2. Consider that suicidal teens may need to be “pampered” in some ways: Teens who are suicidal often struggle with anxiety and depression including a host of social issues such as bullying, ostracism, or discrimination. Other kids who have considered or thought about suicide also often struggle with mental health or behavioral health conditions that are either untreated or poorly treated. Sometimes the only way a teen can see getting “out” of painful situations is to consider ending it all. Kids who consider suicide are typically “sensitive” kids who may need a lot of nurturing, compassion, understanding, and therapy. However, I must also mention that there are some teens who use suicide as a “scare-tactic” or manipulation tool. We are not talking about these kids. We are talking about the chronically depressed kids who want a way out of their “daily prison.” You will also want to consider the emotional and psychological toll that environmental factors (low income, single parent households, divorce, poor school performance, poverty, lack of access to therapy services, etc.) can have on suicidal teens. A teenager who is growing up in poverty, is on probation, and is failing school is likely to consider suicide as a viable option. These kind of kids need a lot of attention and nurturing.
  3. Not all suicidal teens are suicidal because they are depressed or experiencing difficulty: I also want to make it clear that depression or life stressors are not a prerequisite for suicidal thoughts. In other words, you don’t have to be depressed or struggle with stress to be suicidal. You also do not have to have a negative life or upbringing to feel suicidal. In fact, many kids who have two-parent households, are going to great schools, are getting good grades, and have a fairly stable household could end up having suicidal thoughts. Many kids struggle to explain why they feel suicidal when they have everything they need.
  4. Suicidal thoughts do not make kids weak or vulnerable: In my work with children and adolescents in clinical settings, I find that many older parents or guardians tend to believe in the social idea that suicidal thoughts automatically mean that a person is “weak,” “exaggerating things,” or “seeking attention.” This is not to say that all older individuals believe this but many do. Culture also plays a role in beliefs about suicide. The African American culture, for example, often views suicide as taboo and unacceptable. There is a great deal of stigma attached to suicide in this community. Suicide, according to one study, showed that suicide is more common among Caucasians than African Americans and other ethnic cultures. I encourage parents to be sensitive to a teen’s view of suicide and be nurturing to them by being aware of your own biases about suicide.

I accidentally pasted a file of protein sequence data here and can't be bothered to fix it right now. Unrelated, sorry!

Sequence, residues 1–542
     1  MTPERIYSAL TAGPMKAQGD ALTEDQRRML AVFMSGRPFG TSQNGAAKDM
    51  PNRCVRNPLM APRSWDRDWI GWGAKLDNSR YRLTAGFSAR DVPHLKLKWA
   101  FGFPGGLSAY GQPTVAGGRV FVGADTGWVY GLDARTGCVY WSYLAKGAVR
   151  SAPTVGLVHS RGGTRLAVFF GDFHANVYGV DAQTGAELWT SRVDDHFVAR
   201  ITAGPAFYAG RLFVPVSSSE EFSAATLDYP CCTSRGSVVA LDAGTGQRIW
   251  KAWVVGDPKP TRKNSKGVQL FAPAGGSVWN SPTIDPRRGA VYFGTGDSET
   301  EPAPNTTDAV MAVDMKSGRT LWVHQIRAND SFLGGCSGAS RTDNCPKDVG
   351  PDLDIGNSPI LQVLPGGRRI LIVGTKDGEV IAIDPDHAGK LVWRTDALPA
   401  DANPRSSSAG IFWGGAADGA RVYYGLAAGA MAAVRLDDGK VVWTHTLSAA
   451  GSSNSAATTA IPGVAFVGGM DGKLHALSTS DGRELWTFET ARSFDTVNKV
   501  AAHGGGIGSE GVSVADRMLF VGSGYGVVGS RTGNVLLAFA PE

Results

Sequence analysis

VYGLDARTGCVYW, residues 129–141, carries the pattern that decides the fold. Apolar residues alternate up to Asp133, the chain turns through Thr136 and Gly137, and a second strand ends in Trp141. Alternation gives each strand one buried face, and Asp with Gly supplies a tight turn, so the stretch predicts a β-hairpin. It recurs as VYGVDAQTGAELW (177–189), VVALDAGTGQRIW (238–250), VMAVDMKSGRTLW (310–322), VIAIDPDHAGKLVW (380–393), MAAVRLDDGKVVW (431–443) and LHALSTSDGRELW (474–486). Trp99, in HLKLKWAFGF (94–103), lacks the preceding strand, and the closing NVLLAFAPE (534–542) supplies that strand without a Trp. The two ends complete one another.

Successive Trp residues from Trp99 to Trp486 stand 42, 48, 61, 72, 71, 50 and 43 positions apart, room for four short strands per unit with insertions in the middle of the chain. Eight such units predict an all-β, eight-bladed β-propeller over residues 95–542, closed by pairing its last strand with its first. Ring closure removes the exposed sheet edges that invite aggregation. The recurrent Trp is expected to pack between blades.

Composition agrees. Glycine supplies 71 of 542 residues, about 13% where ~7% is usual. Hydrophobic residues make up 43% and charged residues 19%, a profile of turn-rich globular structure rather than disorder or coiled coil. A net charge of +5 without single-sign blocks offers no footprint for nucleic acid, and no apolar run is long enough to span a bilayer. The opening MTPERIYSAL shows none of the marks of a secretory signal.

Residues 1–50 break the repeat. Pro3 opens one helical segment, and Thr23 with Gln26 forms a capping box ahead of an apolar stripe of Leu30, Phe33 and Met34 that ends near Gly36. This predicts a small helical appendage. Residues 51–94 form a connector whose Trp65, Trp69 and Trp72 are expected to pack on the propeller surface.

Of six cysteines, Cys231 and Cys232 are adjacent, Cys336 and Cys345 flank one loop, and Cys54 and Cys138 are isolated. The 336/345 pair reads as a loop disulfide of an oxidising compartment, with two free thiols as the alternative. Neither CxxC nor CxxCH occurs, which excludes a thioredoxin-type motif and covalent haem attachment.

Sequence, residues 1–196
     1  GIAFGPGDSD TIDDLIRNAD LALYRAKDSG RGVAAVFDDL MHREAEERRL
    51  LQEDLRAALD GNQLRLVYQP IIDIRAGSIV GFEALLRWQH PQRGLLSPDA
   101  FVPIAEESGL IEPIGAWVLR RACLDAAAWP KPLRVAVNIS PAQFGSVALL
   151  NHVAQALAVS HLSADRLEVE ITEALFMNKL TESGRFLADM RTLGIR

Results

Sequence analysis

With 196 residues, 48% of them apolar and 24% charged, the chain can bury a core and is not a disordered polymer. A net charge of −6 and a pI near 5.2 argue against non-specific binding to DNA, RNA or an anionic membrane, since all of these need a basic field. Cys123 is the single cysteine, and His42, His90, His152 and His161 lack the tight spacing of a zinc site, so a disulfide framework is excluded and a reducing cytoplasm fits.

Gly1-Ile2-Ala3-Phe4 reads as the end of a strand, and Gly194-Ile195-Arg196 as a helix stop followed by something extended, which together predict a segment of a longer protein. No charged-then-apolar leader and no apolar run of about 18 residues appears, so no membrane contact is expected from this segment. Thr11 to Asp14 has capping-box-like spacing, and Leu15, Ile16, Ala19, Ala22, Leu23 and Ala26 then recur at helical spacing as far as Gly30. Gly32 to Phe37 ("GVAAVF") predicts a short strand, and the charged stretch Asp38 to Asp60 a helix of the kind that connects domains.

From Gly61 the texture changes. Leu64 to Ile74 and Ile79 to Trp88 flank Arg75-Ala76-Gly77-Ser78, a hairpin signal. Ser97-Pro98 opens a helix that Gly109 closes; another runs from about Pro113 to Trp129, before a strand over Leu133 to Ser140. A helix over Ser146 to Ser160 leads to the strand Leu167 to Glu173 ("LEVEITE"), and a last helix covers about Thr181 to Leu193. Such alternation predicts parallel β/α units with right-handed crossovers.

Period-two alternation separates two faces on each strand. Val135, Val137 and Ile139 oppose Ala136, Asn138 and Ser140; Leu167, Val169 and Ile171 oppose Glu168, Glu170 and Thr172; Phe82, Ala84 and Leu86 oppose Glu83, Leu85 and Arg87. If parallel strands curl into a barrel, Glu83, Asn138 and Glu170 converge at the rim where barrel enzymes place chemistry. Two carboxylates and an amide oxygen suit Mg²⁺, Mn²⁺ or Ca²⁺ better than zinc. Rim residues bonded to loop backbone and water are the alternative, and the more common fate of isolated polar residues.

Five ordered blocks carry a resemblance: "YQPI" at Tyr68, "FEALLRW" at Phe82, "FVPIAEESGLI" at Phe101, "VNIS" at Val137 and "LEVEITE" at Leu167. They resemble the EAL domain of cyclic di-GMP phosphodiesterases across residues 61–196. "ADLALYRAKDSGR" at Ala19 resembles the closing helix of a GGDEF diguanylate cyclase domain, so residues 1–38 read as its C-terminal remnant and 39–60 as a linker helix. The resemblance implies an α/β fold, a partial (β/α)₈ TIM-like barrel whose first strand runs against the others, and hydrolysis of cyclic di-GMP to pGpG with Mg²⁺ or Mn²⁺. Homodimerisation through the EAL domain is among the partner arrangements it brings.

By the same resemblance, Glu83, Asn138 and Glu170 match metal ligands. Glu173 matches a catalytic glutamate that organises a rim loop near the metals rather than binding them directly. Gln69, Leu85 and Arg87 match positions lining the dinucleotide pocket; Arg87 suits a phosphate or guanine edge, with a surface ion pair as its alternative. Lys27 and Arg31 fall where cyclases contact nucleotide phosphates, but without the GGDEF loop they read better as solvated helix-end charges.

5. Suicidal thoughts don’t just go away: It’s important that parents understand that suicidal thoughts don’t just come and go. They are often difficult to tract but most teens will admit that the thoughts start out being infrequent and seem to become more frequent with stress overtime. A teen who has repeat admissions to hospitals are often more vulnerable to suicidal thoughts than other kids. Kids who have poor coping skills (substance abuse, lashing out, running away, etc) or no coping skills (deep breathing, distraction techniques, etc) will also struggle with suicidal thoughts for long periods of times. One of my previous teen clients once said “I wish my mother and father would not tell me to ‘get over’ these thoughts because I simply cannot. They have been with me my entire life.”

Suicide is a difficult topic. It is also a difficult and painful reality for many parents and families who have lost a loved one to suicide. As a therapist, I must admit that I too struggle with the reality that so many of our youngsters turn to death for solace and peace of mind. Lets open the discussion for kids to feel safe enough to talk to us. Lets help them understand that their thoughts are not abnormal but that suicide is not the best course to take. We need to help kids see that there is meaning to life, although difficult to see at times, that can be fulfilling to their heart and soul. For many teens, the fact that someone cares, understands, and refuses to condemn them makes a world of difference.

 

To watch a very helpful video on this topic titled: “Why we choose suicide,” visit my website anchoredinknowledge.com.

In the meantime, enjoy this short clip on “The Butterfly Project,” a project developed by a teenager who engaged in cutting behaviors. The video is designed for teens who consider suicide and have self-esteem challenges as well.

The Butterfly Project

Photo by Jared Keener

References

APA. (n.d.). Teen suicide is preventable. What the research shows. Retrieved October 6, 2015 from, http://www.apa.org/research/action/suicide.aspx.